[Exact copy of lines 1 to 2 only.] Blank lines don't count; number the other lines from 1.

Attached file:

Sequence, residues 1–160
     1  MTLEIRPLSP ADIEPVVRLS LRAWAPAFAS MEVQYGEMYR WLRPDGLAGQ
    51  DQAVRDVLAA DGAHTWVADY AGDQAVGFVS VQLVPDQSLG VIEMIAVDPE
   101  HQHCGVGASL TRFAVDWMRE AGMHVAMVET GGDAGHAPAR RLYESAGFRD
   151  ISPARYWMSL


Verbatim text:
Sequence, residues 1–160
     1  MTLEIRPLSP ADIEPVVRLS LRAWAPAFAS MEVQYGEMYR WLRPDGLAGQ